The average consumer might have fewer choices for energy and water providers than, say, stores to buy clothes or cars. But utility marketing shouldn’t take that for granted. It’s important to articulate the value that you deliver to them and build and reinforce your customer relationships, and that requires utilities to go beyond running perfunctory brand campaigns and start putting the same care into marketing as B2C organizations in competitive industries.
The average cost for a day in the ballpark for two people is just over $75. This includes tickets, hot dogs, beverages and parking to a major league baseball game. While some professional sports and MLB teams do a great job offering lower ticket price options, the teams ultimately rely on the star power of the players, the excitement of current events and the team’s winning record to drive ticket sales and attendance.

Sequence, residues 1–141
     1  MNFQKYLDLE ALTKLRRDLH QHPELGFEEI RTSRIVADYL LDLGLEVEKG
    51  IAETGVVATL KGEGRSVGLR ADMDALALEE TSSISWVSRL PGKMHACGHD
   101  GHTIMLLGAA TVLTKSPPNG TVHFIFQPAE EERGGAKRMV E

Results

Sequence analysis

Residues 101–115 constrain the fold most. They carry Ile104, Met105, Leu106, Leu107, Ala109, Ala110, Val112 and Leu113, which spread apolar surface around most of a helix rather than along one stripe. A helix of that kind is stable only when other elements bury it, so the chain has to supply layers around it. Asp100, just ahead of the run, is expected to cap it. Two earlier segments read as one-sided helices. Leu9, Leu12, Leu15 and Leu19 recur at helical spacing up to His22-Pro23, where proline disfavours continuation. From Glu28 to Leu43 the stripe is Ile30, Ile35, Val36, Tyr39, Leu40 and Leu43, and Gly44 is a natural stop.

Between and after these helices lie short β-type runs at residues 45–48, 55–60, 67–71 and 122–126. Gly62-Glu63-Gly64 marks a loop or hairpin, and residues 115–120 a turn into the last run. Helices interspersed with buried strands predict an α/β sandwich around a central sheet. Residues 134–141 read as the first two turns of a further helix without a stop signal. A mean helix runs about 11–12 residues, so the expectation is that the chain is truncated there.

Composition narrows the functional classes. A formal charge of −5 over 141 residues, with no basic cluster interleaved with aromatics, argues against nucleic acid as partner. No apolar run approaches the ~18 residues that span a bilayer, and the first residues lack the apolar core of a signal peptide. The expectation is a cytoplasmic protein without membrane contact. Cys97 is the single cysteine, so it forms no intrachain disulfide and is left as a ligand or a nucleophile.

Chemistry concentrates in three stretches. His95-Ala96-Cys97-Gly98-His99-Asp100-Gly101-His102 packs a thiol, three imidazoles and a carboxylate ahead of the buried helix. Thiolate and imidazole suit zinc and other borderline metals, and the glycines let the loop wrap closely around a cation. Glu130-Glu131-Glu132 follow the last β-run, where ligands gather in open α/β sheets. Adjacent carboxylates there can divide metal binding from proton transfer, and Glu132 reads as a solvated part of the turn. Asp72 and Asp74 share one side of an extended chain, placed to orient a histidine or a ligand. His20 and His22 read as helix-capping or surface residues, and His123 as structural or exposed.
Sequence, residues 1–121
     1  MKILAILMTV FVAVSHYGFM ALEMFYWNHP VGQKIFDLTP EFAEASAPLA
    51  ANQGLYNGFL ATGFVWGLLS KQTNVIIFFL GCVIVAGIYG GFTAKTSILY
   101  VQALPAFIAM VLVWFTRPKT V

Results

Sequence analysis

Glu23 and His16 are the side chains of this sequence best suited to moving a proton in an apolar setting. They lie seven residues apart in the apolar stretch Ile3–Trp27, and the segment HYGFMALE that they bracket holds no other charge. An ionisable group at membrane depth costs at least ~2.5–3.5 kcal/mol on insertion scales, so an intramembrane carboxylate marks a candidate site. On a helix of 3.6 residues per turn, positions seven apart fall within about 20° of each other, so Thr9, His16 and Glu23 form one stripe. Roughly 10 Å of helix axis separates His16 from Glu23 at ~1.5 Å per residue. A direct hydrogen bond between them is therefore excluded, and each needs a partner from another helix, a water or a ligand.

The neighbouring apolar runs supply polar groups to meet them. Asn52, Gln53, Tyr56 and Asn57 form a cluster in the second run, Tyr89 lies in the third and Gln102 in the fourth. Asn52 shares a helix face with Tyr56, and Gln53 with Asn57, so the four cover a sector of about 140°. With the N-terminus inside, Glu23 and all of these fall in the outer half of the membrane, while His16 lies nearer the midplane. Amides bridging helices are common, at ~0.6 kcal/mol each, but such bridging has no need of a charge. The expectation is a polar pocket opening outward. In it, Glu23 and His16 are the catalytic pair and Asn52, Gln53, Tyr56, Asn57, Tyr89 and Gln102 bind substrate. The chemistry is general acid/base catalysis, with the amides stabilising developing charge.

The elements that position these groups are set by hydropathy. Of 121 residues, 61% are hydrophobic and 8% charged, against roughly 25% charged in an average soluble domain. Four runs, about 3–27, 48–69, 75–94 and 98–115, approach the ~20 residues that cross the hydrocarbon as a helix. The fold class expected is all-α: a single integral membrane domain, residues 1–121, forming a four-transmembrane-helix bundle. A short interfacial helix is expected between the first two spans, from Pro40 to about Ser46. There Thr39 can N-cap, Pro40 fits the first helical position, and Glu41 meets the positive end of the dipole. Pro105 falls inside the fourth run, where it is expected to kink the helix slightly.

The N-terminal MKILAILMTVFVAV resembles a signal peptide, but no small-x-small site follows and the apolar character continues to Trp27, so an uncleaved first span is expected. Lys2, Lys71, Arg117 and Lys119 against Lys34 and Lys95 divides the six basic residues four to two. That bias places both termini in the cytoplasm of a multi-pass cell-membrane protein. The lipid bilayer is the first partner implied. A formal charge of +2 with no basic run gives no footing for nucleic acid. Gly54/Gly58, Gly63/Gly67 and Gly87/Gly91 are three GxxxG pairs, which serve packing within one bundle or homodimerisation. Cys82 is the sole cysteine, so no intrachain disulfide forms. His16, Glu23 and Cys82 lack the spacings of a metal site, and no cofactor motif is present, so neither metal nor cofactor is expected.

Picture your customer.
Who is the person most likely to purchase your product or service? How old is he or she? Where do they live? What is their life like? What do they value? What problems do they need solved?
Roughly once per week, a prospective client asks for a specific deliverable, say, a website, a brochure or some other marketing vehicle. While the ask is certainly flattering, that’s not how Borshoff approaches brand development. Read More